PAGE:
Strange as it may sound, musically semi-literate and orthodox minds can agree on some matters. Knowledge, experience and common sense take a back seat on such occasions and what emerges instead is a misconstrued notion of the past and present and a desperate fear about the future. For instance, some members of both groups agree on a categorisation of musical genres as classical, semi-classical, and light, when in fact none of these labels existed traditionally. They are quick to slot genres like dhrupad and khayal in the classical category, thumri-dadra in semi-classical, and ghazal in light. It is proven beyond doubt that the classicisation of Hindustani music was a phenomenon that was very much a part of the movement for cultural nationalism. Semi-classical and light are probably terms we have been stuck with thanks to their use for decades on All India Radio.
Of course, there is no doubt that the Hindustani vocal music genres dhrupad, khayal and thumri exhibit clear distinguishing features. But to say that one is more or less classical merely based on the fact that the song-text may play a greater or lesser role in one or the other, and that the manner of handling the grammar of the raag enjoys more or no flexibility in one or the other, is an oversimplification, to put it mildly. When some, if not all, khayal gharanas have believed in laying great importance on the song-text, how can one then conclude that khayal does not lend itself to the exploration of the latter?
Similarly, not all thumri singers present a wild medley of raags in their renditions. The handling of melodic contours is done with special care, something that cannot be done without a firm grounding in the grammar of raags. That there may be vocalists who would do otherwise is beside the point.
Unfortunately, care for detail and grounding in the history of performance practice seems to be sorely lacking when one comes across sweeping statements like the ones I mentioned earlier. Such snobbery without any musical logic is particularly disturbing when the same voices speak in favour of being inclusive in the larger social context.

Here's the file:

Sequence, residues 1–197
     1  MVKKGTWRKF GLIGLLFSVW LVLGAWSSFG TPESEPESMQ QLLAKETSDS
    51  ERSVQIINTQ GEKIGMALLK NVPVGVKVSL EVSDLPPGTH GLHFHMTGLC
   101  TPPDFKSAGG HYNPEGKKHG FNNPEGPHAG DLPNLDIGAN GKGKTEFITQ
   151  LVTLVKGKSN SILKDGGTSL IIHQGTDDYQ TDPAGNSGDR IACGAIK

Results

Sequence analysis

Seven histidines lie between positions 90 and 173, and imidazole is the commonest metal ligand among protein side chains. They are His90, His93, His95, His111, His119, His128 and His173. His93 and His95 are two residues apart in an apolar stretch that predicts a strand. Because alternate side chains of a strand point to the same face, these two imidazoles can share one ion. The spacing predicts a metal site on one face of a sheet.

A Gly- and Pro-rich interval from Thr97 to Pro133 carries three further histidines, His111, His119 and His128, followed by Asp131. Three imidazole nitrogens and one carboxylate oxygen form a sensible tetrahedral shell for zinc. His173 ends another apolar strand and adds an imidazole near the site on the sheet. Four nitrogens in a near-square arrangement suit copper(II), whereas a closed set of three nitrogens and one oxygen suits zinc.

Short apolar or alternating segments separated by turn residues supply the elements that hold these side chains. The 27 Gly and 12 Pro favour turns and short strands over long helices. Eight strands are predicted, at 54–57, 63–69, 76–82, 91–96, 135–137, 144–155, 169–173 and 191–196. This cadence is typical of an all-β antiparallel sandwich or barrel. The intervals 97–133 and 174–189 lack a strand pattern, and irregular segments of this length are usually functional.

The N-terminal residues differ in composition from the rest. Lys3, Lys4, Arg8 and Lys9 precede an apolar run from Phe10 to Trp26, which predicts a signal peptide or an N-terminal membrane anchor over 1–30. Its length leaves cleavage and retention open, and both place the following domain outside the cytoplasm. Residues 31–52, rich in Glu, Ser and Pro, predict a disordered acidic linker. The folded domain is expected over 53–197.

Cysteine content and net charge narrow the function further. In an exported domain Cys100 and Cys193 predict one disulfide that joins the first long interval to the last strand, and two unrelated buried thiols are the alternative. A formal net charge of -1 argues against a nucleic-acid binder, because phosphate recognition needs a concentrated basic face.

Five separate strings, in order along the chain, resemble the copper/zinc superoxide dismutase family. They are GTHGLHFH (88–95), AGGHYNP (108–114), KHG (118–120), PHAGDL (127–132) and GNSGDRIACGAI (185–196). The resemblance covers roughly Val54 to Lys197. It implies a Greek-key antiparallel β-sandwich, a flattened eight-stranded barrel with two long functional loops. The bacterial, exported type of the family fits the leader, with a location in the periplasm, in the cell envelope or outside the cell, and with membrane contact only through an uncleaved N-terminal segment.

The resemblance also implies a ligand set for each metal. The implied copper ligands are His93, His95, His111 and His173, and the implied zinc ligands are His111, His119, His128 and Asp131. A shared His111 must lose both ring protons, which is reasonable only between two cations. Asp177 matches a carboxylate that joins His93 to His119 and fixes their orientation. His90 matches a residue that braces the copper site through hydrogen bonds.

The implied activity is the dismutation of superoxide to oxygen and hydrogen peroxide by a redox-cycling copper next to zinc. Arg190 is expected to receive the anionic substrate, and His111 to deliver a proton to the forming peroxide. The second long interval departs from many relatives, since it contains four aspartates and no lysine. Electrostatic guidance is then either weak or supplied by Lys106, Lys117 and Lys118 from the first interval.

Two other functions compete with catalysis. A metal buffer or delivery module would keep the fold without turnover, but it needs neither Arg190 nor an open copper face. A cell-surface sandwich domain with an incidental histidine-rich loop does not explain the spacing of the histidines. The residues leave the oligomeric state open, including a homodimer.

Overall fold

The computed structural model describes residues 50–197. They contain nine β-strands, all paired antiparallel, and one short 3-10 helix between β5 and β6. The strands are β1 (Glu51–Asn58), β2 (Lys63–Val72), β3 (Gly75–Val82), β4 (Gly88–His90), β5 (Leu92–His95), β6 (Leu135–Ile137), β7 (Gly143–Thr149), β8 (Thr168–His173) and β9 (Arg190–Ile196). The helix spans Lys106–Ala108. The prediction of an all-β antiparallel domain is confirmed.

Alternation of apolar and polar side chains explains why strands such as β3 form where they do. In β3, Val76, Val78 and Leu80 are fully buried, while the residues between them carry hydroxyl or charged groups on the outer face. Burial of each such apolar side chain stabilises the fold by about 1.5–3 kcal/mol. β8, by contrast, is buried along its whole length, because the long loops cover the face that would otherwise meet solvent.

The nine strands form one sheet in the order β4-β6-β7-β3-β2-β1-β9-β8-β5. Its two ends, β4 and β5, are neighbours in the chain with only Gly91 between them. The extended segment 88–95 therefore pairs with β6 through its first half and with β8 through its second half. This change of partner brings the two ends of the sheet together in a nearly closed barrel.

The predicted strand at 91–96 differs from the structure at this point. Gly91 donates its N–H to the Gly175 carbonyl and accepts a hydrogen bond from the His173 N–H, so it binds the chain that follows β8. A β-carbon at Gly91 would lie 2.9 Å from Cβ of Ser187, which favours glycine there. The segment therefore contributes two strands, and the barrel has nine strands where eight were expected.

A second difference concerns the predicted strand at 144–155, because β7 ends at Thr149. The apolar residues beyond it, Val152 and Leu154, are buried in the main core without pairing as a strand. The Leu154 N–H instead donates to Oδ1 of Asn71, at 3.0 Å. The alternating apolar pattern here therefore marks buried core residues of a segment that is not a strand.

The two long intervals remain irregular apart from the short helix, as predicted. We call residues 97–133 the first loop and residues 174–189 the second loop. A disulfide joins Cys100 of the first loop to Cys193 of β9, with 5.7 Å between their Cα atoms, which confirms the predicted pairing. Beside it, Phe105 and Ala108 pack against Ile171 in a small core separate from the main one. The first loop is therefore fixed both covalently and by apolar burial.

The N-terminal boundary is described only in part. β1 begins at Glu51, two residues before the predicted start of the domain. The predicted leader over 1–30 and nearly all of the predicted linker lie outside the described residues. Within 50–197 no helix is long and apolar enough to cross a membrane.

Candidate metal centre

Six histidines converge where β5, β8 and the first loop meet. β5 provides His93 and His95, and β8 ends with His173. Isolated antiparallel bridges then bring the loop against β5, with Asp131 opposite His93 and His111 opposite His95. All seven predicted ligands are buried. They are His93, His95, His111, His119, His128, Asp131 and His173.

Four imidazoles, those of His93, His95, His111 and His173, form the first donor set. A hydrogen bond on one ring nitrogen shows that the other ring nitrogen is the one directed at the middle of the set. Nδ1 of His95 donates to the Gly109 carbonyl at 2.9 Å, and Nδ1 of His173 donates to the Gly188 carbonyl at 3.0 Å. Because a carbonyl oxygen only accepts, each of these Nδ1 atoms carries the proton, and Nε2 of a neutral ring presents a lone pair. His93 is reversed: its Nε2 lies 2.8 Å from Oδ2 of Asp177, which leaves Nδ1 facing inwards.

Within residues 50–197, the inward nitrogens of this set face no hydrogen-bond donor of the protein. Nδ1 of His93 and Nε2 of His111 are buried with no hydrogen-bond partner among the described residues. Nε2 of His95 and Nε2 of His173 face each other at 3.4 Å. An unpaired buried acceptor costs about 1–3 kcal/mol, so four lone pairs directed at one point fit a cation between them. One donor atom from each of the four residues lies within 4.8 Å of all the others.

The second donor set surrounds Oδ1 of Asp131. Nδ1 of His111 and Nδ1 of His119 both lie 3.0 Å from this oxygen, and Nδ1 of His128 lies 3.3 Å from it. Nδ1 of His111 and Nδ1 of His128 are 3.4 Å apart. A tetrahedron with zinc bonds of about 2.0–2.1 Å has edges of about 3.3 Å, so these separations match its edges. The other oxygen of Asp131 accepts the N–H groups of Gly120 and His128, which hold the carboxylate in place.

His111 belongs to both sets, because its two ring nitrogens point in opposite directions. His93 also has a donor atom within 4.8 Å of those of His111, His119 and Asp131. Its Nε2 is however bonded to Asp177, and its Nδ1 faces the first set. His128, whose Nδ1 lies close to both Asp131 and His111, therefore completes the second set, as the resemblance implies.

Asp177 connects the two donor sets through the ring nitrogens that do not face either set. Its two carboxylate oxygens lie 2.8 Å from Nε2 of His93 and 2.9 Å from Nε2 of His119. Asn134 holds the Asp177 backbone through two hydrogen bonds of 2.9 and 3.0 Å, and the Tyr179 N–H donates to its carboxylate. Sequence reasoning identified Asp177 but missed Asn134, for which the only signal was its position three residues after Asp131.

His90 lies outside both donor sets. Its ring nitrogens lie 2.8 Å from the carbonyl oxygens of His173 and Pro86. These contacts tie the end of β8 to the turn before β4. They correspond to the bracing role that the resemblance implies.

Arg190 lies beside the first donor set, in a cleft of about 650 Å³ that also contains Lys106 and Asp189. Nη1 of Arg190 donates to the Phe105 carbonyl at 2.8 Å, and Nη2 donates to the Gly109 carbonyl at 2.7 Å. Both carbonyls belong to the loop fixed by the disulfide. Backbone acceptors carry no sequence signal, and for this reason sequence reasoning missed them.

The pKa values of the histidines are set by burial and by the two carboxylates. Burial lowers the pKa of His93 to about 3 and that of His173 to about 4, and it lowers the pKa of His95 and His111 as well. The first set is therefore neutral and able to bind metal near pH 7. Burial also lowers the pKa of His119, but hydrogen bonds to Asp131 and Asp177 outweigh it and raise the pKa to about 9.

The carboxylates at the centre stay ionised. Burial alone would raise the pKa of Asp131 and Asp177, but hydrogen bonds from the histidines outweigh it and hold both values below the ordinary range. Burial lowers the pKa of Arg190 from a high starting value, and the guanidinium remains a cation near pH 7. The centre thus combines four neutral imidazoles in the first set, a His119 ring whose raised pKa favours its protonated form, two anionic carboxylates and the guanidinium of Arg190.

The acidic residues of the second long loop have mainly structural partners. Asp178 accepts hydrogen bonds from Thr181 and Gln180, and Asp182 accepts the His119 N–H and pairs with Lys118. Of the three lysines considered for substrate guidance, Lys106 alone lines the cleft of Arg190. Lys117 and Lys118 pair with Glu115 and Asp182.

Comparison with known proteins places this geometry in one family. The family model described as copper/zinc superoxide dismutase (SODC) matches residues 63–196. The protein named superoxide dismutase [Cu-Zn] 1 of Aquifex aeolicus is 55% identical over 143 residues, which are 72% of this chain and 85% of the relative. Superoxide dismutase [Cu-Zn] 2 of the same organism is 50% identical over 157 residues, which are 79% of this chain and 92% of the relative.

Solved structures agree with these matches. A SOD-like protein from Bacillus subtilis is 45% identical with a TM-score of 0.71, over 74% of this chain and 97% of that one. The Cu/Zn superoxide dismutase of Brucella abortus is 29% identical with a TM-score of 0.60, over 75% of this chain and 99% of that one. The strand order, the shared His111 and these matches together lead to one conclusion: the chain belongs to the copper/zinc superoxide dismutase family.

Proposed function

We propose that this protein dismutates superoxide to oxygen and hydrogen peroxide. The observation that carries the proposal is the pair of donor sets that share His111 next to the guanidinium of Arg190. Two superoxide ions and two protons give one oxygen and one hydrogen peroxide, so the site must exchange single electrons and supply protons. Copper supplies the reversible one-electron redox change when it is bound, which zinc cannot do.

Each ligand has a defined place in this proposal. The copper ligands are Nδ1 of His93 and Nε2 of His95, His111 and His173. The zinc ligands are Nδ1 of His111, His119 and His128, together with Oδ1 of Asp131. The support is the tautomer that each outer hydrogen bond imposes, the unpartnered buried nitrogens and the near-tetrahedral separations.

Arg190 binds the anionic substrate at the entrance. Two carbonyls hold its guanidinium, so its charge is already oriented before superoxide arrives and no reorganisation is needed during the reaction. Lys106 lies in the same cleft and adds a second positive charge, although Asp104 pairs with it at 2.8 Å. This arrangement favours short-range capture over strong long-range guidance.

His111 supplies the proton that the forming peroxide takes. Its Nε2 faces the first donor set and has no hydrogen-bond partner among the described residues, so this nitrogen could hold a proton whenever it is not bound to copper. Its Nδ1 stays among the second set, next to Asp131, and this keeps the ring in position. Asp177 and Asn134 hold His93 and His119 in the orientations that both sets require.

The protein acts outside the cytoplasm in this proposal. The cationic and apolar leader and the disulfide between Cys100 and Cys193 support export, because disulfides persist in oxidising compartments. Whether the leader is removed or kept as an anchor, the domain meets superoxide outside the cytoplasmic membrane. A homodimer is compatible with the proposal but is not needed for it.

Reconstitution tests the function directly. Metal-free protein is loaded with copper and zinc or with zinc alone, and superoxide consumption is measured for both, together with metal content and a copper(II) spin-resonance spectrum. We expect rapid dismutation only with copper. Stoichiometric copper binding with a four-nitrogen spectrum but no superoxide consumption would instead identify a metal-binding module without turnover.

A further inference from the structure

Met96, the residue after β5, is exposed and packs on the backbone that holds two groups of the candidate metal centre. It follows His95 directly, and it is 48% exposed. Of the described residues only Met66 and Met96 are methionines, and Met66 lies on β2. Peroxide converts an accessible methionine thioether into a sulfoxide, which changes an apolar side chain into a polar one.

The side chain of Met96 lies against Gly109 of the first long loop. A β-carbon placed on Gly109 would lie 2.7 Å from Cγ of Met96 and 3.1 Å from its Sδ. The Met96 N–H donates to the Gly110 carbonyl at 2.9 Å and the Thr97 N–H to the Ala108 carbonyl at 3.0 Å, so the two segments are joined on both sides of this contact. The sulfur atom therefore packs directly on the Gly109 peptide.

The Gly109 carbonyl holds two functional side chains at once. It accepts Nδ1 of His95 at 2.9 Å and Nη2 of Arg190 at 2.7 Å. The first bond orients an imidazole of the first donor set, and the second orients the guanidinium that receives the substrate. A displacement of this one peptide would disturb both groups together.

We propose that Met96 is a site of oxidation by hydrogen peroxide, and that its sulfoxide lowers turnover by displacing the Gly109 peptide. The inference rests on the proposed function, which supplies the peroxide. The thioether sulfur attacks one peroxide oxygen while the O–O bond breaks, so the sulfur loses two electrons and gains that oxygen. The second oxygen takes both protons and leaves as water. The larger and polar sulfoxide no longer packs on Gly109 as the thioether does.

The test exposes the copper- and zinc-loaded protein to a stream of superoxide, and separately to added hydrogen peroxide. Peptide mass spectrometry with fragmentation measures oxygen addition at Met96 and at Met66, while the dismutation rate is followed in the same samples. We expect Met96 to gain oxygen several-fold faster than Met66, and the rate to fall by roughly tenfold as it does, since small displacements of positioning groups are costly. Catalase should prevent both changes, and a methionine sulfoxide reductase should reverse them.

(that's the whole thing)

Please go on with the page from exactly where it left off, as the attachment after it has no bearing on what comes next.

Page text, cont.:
To establish this point, I have deliberately chosen two thumris sung by vocalists who are iconic khayal singers from two different gharanas, but are equally known for their consummate musicianship that allowed them to bring an eclectic flavour to their concerts and recordings. I might also add that the beauty of their renditions of the thumris, per se, have even inspired instrumentalists to include these compositions in their performances. Today’s episode also features two such instrumental interpretations.
The first track is a bandish ki thumri in the raag Khamaj sung by the illustrious Agra gharana vocalist Faiyaz Khan. Set to Teentaal, a rhythmic cycle of 16 matras or time-units, listeners will note that the maestro does not deviate from the main raag, and yet, lends so much expression that takes the narrative of the song-text forward. Importantly, Faiyaz Khan’s special handling of song-text is even clearly noticeable in his khayal expositions, but that does not make them thumris.
Dr N Rajam, one of the country’s senior-most violinists, presents an instrumental interpretation of the same thumri. Needless to say, the absence of the song-text in any instrumental recital takes away something that is integral to thumri. Yet, the flavour of thumri is retained through the main melodic line of the original composition and the treatment of the raag. She is accompanied on tabla by Vinod Lele.
The next track contains a thumri in the raag Bhairavi immortalised by the virtuosic vocalist and chief representative of the Patiala gharana Bade Ghulam Ali Khan.
The final track features shehnai wizard Bismillah Khan presenting a faster-paced interpretation of the same thumri.